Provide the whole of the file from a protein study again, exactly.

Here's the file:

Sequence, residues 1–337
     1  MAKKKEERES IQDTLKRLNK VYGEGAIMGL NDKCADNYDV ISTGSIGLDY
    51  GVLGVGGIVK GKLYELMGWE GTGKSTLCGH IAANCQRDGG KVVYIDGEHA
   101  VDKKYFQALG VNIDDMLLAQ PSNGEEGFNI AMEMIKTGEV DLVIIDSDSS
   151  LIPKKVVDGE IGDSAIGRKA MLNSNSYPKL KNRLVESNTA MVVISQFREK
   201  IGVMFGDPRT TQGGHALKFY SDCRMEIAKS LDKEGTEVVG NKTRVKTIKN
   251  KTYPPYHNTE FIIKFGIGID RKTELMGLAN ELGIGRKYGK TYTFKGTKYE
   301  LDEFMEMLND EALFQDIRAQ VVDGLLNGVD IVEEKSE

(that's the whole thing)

Sequence, residues 1–337
     1  MAKKKEERES IQDTLKRLNK VYGEGAIMGL NDKCADNYDV ISTGSIGLDY
    51  GVLGVGGIVK GKLYELMGWE GTGKSTLCGH IAANCQRDGG KVVYIDGEHA
   101  VDKKYFQALG VNIDDMLLAQ PSNGEEGFNI AMEMIKTGEV DLVIIDSDSS
   151  LIPKKVVDGE IGDSAIGRKA MLNSNSYPKL KNRLVESNTA MVVISQFREK
   201  IGVMFGDPRT TQGGHALKFY SDCRMEIAKS LDKEGTEVVG NKTRVKTIKN
   251  KTYPPYHNTE FIIKFGIGID RKTELMGLAN ELGIGRKYGK TYTFKGTKYE
   301  LDEFMEMLND EALFQDIRAQ VVDGLLNGVD IVEEKSE